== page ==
A static local variable exists only within the function where it is declared (like a local variable), but its lifetime begins when the function is called and ends only when the program terminates.

The primary distinction between a local variable and a static variable is that the value of a static variable is retained at the end of the program.

Example for static local variable

#include <iostream>
using namespace std;

void test()
{
    // var is a static variable
    static int var = 0;
    ++var;

    cout << var << endl;
}

int main()
{
    
    test();
    test();

    return 0;
}

Output:

1
2

The test() function is called twice in the preceding program.

Variable var is declared as a static variable and initialized to 0 during the first call. The number one is then added to var, which is displayed on the screen.
Because variable var is a static variable, it remains after the function test() returns.

There is no new variable var created during the second function call. The same variable is increased by one and then displayed on the screen.

If var was not specified as a static variable, the output of the previous program will be :
1
1

4.    Register variable 

Register variables are specified using the keyword register. Register variables, like automatic variables, exist only within a single function. It needs to be faster than the local variables.

When a program encounters a register variable, it stores it in the processor's register rather than memory, if memory is available. As a result, it is faster than the local variables. This keyword, however, was deprecated in C++11 and should not be used.

5.    Thread local storage

Thread-local storage is a kind of mechanism for allocating variables so that each thread has one instance of the variable.For this purpose, the keyword thread_ local is used.

Types of Storage class in C++

There are five different kinds of storage classes that can be used in a C++ program.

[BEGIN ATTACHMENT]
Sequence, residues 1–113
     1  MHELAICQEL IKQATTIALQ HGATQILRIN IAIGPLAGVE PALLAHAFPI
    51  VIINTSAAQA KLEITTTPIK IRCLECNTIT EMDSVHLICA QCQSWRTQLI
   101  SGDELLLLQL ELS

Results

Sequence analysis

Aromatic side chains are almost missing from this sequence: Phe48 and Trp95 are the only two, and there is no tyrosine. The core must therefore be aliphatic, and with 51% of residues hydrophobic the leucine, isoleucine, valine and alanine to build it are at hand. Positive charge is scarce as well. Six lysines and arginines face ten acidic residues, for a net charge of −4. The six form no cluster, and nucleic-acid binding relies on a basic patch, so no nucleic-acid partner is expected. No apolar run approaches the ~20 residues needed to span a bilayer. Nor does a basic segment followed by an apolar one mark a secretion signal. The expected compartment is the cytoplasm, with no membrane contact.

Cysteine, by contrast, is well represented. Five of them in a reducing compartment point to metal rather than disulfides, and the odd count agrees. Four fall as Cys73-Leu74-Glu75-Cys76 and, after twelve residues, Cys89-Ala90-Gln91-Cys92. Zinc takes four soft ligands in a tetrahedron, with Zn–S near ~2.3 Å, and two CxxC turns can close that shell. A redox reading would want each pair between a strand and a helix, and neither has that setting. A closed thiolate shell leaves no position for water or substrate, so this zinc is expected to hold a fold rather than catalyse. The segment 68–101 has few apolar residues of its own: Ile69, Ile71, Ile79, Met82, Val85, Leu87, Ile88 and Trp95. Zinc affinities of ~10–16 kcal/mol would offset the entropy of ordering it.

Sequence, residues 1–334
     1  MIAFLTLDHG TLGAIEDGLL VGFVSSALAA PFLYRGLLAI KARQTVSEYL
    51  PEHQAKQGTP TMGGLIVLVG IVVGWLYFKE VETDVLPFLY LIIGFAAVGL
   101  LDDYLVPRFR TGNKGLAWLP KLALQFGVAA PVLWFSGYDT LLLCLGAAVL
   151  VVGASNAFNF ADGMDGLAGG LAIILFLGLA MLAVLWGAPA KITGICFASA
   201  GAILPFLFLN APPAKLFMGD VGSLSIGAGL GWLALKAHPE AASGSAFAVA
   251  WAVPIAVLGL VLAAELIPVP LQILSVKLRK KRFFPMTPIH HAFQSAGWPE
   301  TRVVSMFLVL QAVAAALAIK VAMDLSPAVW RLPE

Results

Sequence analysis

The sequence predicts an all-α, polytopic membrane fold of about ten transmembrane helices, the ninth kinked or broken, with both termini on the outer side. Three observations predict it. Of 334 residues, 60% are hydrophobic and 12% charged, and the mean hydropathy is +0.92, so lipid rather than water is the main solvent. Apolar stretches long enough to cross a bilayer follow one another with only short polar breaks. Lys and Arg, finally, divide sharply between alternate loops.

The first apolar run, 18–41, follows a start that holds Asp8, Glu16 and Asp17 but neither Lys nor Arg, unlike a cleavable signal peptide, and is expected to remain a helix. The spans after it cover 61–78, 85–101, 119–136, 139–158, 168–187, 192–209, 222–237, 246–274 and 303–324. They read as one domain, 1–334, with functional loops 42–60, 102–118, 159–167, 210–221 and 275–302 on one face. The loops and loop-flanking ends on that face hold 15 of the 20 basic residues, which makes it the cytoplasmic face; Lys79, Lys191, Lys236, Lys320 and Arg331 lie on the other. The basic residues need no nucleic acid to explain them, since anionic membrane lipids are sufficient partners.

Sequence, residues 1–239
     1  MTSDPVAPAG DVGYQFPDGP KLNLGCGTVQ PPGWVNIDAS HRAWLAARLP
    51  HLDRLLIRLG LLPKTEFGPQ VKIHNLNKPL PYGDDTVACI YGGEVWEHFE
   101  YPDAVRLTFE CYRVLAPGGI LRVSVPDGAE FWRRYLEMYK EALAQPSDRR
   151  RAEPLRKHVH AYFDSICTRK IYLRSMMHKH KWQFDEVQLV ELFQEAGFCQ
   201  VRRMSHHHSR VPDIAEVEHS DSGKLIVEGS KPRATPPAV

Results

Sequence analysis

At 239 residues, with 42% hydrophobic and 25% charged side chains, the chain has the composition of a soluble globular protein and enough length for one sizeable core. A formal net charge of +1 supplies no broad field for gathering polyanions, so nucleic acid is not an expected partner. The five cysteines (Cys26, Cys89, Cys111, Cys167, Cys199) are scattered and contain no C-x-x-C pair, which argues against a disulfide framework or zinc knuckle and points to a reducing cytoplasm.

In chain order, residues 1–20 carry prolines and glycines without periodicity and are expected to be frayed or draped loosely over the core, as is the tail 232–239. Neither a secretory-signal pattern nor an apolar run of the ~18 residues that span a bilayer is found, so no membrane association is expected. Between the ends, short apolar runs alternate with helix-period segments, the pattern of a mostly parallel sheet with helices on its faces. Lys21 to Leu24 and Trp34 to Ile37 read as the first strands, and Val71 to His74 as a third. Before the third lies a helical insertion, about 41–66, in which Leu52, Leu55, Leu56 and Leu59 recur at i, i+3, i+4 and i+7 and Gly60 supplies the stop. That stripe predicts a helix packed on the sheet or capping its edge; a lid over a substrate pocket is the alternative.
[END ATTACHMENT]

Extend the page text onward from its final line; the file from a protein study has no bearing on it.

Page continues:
1. Automatic
  2. Register
  3. Static
  4. External
  5. Mutable
C++ Storage Class

1. Automatic Storage Class

It is the storage class for all local variables by default. The auto keyword is automatically applied to all local variables.


{   
   auto int y;  
   float y = 3.45;  
} 
 

In the above example, two variables with the same storage class are defined; the auto may only be used within functions.

2.    Register Storage Class

The register variable stores memory in a register rather than RAM. Its size is the same as the register size. It can be accessed more quickly than other variables.

It is recommended that you only use register variables for quick access, like in a counter.
 

Note : We cannot obtain the address of the register variable.


register int counter=0;    
 

3. Static Storage Class

The static variable is only initialized once and exists until the program terminates. It keeps its value even when multiple functions are called. The compiler provides the default value 0 for the static variable.

or an example


#include <iostream>  
using namespace std;  
void func() {    
    static int i=0; //static variable    
    int j=0; //local variable    
    i++;    
    j++;    
    cout<<"i=" << i<<" and j=" <<j<<endl;    
}    
int main()  
{  
    func();    
    func();    
    func();    
} 

Output:

i= 1 and j= 1
i= 2 and j= 1
i= 3 and j= 1